Ad Blocker Detected
Our website is made possible by displaying online advertisements to our visitors. Please consider supporting us by disabling your ad blocker.
By Alison Johnson
Many people might be able to guess the first- and second-leading causes of death in the United States: heart disease, followed by all types of cancer.
As for No. 3, few probably could.
It’s not stroke, not accidents, not Alzheimer’s disease or diabetes, but Chronic Obstructive Pulmonary Disease, or COPD. Now, a new anti-smoking campaign from the Centers for Disease Control and Prevention is out to raise awareness of a brutal disease that gradually steals people’s ability to breathe.
COPD is part of the CDC’s national “Tips from Former Smokers” campaign, a series of advertisements highlighting the painful toll of smoking-related illnesses. The ads, appearing on television, radio and in print, are scheduled to run through the end of June.
“The message is that smoking can do many things besides cause lung cancer, which gets the most attention,” says Dr. David Mannino, a pulmonary medicine specialist and Professor of Medicine at the University of Kentucky. “For years, COPD was one of the more ignored diseases – for reasons unclear to me – but thankfully it is getting more attention now.”
COPD is an umbrella term for progressive lung diseases such as emphysema and chronic bronchitis. It kills more than 120,000 Americans a year – about one person every four minutes, according to the National Heart, Lung and Blood Institute. While non-smokers can develop COPD, cigarettes are linked to between 80 and 90 percent of those deaths.
At first, people feel “a shortness of air that won’t go away,” says Dr. Mannino, also a board member of the COPD Foundation, a non-profit research and education organization with offices in Washington, D.C., and Miami, Fla. “It’s like an asthma attack that won’t end.”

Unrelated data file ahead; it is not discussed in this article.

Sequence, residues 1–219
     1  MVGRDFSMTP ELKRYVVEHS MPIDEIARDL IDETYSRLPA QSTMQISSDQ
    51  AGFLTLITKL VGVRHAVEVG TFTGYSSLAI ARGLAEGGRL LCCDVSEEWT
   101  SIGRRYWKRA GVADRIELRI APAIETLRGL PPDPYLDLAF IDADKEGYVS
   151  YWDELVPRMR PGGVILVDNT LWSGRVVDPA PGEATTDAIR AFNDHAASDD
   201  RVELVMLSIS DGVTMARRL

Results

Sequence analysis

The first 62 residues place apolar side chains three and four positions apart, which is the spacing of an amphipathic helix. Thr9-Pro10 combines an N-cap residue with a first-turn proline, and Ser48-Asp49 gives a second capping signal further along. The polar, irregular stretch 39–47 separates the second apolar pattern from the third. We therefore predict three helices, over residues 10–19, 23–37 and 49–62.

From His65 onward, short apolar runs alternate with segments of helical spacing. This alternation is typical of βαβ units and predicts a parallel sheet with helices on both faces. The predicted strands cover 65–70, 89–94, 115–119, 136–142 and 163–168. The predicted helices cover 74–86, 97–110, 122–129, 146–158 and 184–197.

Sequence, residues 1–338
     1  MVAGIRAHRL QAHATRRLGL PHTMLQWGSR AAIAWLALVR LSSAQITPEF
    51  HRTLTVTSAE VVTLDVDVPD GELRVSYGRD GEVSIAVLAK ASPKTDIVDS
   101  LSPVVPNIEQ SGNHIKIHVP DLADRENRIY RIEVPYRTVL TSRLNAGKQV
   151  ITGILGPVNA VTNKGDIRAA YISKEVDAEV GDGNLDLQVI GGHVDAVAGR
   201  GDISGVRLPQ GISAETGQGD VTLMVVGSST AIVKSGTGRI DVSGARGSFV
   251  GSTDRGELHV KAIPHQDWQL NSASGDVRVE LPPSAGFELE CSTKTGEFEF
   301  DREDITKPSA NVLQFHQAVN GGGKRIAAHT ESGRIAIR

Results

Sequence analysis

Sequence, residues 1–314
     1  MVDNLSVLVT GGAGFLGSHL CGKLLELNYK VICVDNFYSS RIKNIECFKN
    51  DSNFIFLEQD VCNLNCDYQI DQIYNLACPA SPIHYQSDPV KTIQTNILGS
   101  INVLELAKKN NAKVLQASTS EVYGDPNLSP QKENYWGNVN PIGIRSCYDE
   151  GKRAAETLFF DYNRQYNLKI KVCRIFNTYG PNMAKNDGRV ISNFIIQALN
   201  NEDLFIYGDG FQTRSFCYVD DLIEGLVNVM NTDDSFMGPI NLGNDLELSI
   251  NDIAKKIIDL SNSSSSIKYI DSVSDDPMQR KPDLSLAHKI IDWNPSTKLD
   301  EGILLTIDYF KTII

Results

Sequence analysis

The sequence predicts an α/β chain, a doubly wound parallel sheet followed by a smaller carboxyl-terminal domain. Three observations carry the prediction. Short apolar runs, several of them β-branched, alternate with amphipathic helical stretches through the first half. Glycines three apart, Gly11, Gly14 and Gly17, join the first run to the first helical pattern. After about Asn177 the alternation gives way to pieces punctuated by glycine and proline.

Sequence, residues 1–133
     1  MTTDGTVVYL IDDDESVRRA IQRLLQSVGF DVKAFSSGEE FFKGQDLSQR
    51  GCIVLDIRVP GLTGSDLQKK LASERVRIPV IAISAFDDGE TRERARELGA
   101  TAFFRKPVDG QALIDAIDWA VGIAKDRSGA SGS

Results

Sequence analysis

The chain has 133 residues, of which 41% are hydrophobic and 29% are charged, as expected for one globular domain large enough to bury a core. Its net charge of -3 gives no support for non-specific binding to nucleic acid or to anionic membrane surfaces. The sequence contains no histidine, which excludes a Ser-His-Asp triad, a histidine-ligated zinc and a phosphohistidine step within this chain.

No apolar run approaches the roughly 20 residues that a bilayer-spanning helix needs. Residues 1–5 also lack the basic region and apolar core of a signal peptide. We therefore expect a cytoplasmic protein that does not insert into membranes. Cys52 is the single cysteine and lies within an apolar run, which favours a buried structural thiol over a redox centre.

Over time, worsening symptoms can include coughing, wheezing, chest tightness, rapid heartbeat, mental confusion, weight loss and swollen feet and ankles. Yet of the 15 million Americans living with COPD, nearly 40 percent continue to smoke, CDC statistics show.
[quote]“It’s like suffocating to death.”[/quote]
Michael, the patient featured in the “Tips” campaign, is a longtime smoker who was diagnosed with COPD at age 44 but didn’t quit smoking until eight years later, when he woke up gasping for air. At 57, the Alaska native and Army veteran has had parts of his lungs removed and needs a lung transplant, which he may be too weak to survive. He no longer has energy to play with his two grandchildren.
Many people might be able to guess the first- and second-leading causes of death in the United States: heart disease, followed by all types of cancer. Michael tells viewers. “Every cell in my body was screaming for oxygen. Losing your breath is losing your life force.”
Treatments for COPD, including inhaled medications and exercise programs, have improved significantly over the past 10 years, especially for people who get help early, Dr. Mannino says. Still, by far the best prevention and therapy is to avoid cigarettes.